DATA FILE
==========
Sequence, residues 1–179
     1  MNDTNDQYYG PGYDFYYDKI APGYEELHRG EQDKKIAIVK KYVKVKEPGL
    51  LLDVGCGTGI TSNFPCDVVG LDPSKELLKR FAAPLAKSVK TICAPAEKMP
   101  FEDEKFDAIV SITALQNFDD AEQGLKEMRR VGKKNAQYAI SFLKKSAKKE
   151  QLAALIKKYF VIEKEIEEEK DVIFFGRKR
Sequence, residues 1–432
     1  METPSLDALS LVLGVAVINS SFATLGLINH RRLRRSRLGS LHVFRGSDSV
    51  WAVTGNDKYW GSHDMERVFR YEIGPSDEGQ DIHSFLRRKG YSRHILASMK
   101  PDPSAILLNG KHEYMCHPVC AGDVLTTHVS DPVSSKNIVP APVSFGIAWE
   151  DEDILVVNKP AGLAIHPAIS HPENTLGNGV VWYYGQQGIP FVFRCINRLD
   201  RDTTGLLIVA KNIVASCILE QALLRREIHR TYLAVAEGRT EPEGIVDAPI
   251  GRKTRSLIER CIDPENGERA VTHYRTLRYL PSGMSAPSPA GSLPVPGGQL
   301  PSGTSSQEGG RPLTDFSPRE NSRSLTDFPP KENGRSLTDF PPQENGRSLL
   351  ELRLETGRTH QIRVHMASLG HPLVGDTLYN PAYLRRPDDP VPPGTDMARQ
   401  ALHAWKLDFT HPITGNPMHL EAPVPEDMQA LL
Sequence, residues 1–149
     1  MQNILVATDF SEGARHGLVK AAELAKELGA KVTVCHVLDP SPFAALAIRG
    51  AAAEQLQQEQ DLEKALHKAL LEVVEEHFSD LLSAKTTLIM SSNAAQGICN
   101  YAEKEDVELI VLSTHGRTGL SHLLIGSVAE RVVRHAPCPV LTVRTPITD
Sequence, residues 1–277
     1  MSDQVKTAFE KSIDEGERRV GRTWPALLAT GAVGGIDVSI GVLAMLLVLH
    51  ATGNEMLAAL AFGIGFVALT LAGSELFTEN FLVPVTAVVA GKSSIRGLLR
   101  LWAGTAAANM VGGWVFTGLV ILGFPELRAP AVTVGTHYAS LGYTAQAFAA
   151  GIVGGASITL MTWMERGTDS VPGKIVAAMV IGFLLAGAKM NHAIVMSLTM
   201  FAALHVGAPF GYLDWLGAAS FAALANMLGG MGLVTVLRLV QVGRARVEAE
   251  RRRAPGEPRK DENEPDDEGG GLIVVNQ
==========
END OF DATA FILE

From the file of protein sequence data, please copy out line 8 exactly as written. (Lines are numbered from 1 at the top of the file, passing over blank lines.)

    51  WAVTGNDKYW GSHDMERVFR YEIGPSDEGQ DIHSFLRRKG YSRHILASMK